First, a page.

rewind: You Might Be Right - Happy Accidents
words: Matt Latham
rewind takes you back to a previously released album that we don't want you to miss.
During my lunch break at work one day, I opened my phone and randomly thumb-typed a bunch of words on what I’d do if I could time travel. The first thought I had was to go back in time to go to a bunch of early gigs from my favorite bands. Wouldn’t that be great? Though if everyone could time travel would they do the same? I pondered on the image of several front-people of several bands confused when they sell out a 100-capacity venue and everyone sings that unfinished song they wrote last night. The other idea was to make a younger version of myself listen to a lot of songs that past-me would find very relatable. It’s very annoying when I hear songs and immediately they describe me at other times in my life. Happy Accidents’ You Might Be Right is full of songs like this.
I’m not naive enough to believe that listening to this album whilst I was younger would’ve sent my life spiraling in the direction that would’ve led me to a happier early twenties; a couple of songs strike very strong personal chords. Ten years ago, 21-year-old me was exactly what the song Leaving Parties Early describes. A mixture of social anxiety and fully believing that there’s something wrong with you for not wanting to be as social as everyone else. It’s relatable - it makes you realize that you’re not alone — that it happens to other people.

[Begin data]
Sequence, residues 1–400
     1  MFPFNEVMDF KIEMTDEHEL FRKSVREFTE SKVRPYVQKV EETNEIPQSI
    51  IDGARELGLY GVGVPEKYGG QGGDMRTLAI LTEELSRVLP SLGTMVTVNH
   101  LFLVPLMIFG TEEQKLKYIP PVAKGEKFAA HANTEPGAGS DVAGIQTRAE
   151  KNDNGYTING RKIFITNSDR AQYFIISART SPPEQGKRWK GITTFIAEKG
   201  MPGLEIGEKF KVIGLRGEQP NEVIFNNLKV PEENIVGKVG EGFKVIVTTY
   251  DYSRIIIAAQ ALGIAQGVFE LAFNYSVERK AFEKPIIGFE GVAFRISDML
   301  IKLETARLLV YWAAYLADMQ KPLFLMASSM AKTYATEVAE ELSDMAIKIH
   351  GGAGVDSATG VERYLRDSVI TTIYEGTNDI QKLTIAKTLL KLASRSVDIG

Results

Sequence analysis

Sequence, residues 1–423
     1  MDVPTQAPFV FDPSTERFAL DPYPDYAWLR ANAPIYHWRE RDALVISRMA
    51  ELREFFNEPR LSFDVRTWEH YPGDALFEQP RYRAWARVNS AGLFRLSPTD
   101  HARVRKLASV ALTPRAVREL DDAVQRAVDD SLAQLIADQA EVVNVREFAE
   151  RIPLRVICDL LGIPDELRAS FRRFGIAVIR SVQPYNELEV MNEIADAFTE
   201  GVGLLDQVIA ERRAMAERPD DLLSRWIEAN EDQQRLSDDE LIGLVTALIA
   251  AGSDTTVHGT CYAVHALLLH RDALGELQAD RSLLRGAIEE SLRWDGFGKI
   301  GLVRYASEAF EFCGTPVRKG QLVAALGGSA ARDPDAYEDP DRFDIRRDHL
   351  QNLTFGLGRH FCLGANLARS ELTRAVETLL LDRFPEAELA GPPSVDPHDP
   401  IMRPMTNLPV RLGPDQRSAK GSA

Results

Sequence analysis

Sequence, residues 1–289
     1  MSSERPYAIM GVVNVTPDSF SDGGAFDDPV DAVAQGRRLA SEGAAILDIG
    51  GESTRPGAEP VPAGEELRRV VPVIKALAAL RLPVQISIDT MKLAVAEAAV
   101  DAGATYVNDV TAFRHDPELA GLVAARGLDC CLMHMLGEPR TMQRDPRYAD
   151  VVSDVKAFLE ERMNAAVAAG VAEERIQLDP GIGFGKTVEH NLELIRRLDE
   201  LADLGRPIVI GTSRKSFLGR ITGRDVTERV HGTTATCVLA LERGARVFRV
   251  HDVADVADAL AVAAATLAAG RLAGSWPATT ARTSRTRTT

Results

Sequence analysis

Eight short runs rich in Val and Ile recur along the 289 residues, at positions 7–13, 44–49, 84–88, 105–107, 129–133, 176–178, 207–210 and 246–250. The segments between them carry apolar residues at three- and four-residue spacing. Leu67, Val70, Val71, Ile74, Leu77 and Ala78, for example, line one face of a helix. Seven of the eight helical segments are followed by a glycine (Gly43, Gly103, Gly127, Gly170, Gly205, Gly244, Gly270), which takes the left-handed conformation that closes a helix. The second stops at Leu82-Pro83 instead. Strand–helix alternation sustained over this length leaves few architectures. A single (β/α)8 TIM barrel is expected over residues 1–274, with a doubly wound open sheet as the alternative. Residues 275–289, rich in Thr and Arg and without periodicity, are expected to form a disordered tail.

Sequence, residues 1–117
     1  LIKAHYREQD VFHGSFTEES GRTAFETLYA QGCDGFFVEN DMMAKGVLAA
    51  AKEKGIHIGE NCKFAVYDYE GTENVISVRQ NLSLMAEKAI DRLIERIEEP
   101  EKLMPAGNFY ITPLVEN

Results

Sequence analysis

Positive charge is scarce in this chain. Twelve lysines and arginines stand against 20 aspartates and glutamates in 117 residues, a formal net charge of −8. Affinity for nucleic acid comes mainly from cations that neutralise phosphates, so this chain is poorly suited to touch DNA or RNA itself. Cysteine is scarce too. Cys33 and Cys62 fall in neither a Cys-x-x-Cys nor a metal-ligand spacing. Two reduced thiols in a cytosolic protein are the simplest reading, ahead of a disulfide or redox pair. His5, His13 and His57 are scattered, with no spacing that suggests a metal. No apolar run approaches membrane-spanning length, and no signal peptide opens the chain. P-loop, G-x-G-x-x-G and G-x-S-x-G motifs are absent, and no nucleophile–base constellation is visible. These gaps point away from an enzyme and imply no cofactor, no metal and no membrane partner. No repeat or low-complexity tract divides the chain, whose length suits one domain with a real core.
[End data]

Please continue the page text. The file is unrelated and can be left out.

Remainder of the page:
Relatable is a word that comes across a few times as you listen to this. There’s a lot about self-doubt, second guessing and taking a very pessimistic view by default. The opening track’s called "But You’re Probably Wrong" which is followed by the album’s title: "You Might Be Right". But then there’s a touch of positive affirmation in which you start to look back on darker periods and get surprised about why they had such a strong hold on you.
The album has this great little mini-war with itself celebrating the little victories over apathy and pessimism with realistic optimism. Whilst most of the lyrics feel as if they’re overwhelming dour - the odd turn of phrase and general upbeat indie-pop nature of the music still encourages to keep on going. Even the slower songs, "Feel the Same - Unfavourably" and "Quiet" feel like they’re downbeat commentary on life and social interaction yet there’s the slight upbeat of acceptance throughout. Again there’s the relatable aspects (those people you know but not particularly fond of, public transport) and how the band's lead vocalist Rich Mandell mini arc of acceptance turns out to be sage advice or at least a nod in the right the direction.
The album peaks with excitement at the right times to fit the tone that the band wants to convey. Occasionally, drummer Phoebe Cross provides backing vocals and has her own moments to shine to contrast some of the harsher and honest lyrics that Mandell sings. As if there's a calming influence on the feel of the album that leads to the aforementioned acceptance. It ties into the message of the first song: things might feel bad by default but there's still the fact that there's still good in the world. Which is why this album ends up being more positive than first thought and worth a listen or ten.
I’m probably wrong, but I might be right.